It's the BBQ Season — Come Bearing Summer Gifts

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It's the season of backyard barbeques and al fresco dinner parties. Good manners dictate that guests at such affairs arrive bearing a gift. But what to bring? Humorist Brian Unger has some suggestions.

ALEX CHADWICK, host:

It's not just this weekend; Memorial Day actually begins the entire summer season of backyard barbeques and dinner parties and housewarmings. And as an invited guest, custom dictates you need to bring a gift.

In today's Unger Report, humorist Brian Unger has this advice on what to get.

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BRIAN UNGER reporting:

There is a quiet epidemic sweeping through America. In cities, suburbs, and rural towns, people are showing up on doorsteps of homes as lethal carriers of crappy housewarming and dinner party gifts.

Their arms extended to yours, passing to you a heinously toxic bottle of wine, a bouquet of carnations wrapped in cellophane, a candle that smells like damned souls; or the thing they always bring: you know, their known thing - their famous lemon squares, Waldorf salad or tater-tot casserole. These givers of their known thing unfailingly deliver to you a full-size three-bean nightmare, and you don't have the heart to reject it.

Conversely, the giver of the known thing is sick of giving it and tired of making it. Bitter from hearing you say how much everyone loves the known thing - when the giver made the known thing without love, only resentment.

If you, as host, could only bring yourself to say, please, don't give that to me again, it's nasty.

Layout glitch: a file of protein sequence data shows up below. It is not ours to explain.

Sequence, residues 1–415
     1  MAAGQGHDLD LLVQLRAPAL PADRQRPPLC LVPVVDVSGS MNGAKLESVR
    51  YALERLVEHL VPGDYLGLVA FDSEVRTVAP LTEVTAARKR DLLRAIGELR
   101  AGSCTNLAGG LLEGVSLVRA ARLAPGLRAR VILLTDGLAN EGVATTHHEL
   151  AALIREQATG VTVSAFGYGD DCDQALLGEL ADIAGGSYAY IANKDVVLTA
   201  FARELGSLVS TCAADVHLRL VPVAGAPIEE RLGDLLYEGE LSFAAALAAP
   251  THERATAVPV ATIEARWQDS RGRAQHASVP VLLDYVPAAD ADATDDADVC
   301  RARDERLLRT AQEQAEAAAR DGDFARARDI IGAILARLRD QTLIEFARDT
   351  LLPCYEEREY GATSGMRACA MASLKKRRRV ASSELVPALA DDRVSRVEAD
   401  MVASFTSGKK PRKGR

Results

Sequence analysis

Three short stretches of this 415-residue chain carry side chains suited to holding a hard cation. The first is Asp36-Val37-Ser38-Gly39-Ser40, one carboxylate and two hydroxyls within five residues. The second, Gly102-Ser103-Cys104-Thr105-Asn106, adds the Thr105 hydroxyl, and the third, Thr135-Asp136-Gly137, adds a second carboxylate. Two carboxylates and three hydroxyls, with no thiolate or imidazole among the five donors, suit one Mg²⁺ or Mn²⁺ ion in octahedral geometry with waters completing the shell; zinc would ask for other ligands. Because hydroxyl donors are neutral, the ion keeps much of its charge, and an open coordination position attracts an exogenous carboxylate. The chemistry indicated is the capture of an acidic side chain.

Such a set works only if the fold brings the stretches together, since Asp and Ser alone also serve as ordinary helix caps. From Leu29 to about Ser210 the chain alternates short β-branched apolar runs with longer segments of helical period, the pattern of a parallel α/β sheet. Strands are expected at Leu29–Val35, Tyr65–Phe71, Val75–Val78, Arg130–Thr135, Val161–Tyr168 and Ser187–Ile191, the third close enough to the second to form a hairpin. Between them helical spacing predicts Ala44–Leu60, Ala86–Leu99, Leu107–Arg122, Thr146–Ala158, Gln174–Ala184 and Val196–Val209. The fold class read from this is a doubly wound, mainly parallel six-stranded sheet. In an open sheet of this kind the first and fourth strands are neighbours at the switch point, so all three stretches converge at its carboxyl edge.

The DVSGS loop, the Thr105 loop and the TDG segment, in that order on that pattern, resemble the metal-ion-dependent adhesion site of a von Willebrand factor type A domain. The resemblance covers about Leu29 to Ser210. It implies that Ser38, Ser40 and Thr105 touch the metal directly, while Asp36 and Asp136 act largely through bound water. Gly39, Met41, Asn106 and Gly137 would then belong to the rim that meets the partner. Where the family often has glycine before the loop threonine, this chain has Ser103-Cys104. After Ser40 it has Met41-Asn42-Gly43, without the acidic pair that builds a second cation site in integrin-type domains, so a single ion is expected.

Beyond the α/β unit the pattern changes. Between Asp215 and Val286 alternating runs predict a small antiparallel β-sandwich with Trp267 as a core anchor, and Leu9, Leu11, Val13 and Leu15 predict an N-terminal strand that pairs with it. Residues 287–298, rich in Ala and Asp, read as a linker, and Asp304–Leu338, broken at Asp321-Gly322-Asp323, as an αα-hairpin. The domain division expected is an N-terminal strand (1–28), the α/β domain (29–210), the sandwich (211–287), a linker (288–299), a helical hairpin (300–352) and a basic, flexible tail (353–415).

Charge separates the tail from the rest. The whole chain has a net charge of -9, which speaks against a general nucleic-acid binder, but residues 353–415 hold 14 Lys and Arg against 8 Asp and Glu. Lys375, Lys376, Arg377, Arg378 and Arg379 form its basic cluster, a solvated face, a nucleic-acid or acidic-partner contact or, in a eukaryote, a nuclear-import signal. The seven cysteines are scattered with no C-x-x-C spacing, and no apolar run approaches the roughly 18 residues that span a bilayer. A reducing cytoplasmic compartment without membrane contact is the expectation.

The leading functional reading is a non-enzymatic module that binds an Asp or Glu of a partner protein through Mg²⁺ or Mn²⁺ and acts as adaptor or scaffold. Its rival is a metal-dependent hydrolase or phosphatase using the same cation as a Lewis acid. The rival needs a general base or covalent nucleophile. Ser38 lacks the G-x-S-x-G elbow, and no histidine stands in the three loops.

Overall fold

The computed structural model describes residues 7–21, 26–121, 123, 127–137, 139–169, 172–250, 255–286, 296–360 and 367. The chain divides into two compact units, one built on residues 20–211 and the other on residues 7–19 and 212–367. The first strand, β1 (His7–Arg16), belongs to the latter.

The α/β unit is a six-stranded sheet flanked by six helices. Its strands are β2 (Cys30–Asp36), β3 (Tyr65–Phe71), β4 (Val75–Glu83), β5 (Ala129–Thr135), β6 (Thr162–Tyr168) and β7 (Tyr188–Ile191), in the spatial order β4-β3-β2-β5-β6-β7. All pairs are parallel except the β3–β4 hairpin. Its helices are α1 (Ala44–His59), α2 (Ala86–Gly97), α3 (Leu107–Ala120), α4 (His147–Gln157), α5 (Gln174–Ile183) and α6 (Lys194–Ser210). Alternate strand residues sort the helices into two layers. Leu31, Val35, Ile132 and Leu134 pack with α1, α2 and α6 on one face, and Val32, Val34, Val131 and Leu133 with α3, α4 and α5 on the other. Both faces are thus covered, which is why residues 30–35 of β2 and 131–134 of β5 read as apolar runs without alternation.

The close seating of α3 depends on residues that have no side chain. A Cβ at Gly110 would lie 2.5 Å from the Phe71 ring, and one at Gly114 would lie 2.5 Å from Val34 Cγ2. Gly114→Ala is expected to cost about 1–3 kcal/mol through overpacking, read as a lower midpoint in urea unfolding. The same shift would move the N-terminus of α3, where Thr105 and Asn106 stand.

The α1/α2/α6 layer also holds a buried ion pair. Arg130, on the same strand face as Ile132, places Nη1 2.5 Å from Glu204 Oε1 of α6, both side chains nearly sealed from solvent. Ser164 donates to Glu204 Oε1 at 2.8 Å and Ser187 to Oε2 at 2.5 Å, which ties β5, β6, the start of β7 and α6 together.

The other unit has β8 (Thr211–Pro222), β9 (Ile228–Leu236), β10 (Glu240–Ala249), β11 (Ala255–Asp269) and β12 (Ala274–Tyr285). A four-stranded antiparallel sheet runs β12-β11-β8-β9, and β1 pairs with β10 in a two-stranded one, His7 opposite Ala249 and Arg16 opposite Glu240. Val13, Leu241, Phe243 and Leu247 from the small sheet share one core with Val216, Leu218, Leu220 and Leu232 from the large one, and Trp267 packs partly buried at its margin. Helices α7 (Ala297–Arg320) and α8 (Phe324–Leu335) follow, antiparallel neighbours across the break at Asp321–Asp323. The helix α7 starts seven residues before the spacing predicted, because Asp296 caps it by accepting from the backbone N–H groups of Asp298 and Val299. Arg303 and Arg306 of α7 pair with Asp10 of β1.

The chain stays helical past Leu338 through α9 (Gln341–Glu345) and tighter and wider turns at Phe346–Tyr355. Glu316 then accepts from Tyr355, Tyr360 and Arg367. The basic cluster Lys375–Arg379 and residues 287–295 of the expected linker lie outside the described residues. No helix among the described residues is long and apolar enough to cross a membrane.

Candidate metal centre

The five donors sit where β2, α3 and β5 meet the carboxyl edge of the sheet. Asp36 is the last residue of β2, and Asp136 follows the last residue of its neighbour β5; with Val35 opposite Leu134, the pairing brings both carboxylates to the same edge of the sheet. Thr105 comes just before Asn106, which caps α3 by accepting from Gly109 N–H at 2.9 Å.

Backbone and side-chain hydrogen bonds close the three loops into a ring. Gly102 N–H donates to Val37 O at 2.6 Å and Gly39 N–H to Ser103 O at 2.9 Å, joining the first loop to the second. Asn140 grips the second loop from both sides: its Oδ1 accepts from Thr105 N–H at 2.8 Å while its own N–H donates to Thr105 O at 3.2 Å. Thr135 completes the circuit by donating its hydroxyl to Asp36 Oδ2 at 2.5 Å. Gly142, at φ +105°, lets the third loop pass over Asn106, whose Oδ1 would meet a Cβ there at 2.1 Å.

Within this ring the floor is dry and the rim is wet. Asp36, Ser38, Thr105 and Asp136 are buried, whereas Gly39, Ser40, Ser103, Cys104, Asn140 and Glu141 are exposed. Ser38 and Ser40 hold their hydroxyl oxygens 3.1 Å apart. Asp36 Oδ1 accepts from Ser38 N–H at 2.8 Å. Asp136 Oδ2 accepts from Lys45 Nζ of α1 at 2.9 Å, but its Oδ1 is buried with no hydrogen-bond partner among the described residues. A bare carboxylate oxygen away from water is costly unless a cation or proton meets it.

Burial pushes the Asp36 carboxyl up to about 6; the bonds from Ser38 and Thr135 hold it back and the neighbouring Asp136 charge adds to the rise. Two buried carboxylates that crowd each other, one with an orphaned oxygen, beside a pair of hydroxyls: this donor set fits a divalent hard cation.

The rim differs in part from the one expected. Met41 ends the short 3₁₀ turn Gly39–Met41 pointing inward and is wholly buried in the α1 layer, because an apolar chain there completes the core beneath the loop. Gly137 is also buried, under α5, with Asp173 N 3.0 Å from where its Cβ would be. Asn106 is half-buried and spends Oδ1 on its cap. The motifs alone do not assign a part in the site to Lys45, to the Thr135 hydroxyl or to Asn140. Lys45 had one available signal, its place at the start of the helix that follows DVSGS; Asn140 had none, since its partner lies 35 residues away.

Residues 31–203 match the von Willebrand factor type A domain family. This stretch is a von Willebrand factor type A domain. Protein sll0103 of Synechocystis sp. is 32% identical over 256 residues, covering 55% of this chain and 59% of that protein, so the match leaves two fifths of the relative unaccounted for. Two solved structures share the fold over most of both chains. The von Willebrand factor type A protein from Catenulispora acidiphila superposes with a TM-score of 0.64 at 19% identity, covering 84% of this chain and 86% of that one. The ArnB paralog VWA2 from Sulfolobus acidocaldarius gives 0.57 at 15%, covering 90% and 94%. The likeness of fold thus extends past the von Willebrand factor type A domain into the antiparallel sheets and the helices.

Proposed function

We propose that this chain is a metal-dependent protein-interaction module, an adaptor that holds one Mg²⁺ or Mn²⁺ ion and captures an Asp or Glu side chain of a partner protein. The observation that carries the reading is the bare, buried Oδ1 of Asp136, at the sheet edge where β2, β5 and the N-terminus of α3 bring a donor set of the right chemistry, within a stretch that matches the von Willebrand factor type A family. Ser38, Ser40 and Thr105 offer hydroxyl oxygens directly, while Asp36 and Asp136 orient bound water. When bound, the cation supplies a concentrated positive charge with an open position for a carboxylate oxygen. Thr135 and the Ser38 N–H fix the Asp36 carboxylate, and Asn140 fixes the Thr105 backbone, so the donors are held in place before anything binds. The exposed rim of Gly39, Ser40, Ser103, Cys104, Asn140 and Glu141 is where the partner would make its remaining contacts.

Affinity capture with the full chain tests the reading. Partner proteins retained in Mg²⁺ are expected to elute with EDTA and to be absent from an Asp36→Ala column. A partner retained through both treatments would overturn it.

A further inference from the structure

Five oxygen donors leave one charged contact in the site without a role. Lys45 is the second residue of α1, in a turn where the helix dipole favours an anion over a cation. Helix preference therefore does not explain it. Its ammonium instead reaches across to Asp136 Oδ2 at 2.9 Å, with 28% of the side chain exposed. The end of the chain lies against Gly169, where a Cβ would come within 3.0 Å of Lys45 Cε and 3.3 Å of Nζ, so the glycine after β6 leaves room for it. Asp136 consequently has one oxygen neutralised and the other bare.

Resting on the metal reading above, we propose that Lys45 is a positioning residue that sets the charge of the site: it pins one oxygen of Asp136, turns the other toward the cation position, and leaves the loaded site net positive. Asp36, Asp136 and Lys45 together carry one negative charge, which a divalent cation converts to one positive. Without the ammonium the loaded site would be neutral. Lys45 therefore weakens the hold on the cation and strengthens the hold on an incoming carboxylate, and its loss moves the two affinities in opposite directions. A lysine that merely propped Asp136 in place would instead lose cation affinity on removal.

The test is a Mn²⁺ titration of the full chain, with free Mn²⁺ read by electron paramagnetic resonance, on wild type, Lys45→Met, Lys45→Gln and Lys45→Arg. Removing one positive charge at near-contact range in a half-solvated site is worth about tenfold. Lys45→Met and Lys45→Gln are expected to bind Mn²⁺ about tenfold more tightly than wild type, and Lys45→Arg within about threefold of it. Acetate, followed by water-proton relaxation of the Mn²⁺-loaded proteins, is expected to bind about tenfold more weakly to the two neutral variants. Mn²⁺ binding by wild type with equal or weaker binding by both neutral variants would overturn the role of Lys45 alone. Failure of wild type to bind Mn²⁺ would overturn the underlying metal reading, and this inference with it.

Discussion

Regardless, guests will take from you every morsel of food you can cook or barbeque, leaving behind their gift as an artifact of their appreciation. By this gift, you will be judged.

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Housewarming or dinner party gifts are usually wine. It's what people bring to others people's homes. Gone, though, are the days of dumping a cheap-ass bottle with a pretty label, or unloading one you got from somebody else, because the wine you give is the wine someone will Google. They'll know all about your dressing up a $9 bottle in a foil wine bag and ribbon. You can't put lipstick on that pig.

As host, Googling wine may uncover an expensive, rare vintage. This is the mark of a classy, caring friend; or one who's not so bright - who gave away a great wine without knowing it. These nincompoops are good people to have in your life.

The gift of a great wine does cost you, but it can work for you. Upon arrival at a dinner party, simply say, I'm curious to know your opinion on this wine I'm giving you. I really, really want to know what you think about it. Before you know it, pop goes the cork and you're guzzling your own favorite vintage. It's like a gift to yourself.

Or, wait to see what's on the menu. Then, declare the perfect wine to compliment the dish is - coincidentally - the wine you brought. Everybody wins, but mostly, you win.

If you give flowers, aim higher than the A&P variety. Cheap flowers wrapped in plastic or paper signal you looked no further than the checkout aisle. It's like giving a pair of Foster Grants, a Slushy, or a pack of condoms to your host; it says I bought you the last thing I saw before I got here. Let's eat.

The best dinner party gift advice is this: bring something to talk about. And when in doubt, stay late and help clean up. In the end, you'll be mostly remembered not for the wine you brought, but for the dishes you helped wash.

And that is today's Unger Report. Happy Memorial Day! I'm Brian Unger.

CHADWICK: Oh, dear listeners, always wash those dishes.

The Unger Report is just one of many NPR features now available as a podcast. They're not all as funny as Brian, but some are. Try them at our website, npr.org.

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Unidentified Woman: (Singing) It's a woman who gets all the (unintelligible) leave behind. The reason I know so much about her, is because...

CHADWICK: DAY TO DAY is a production of NPR News, with contributions from Slate.com. I'm Alex Chadwick.

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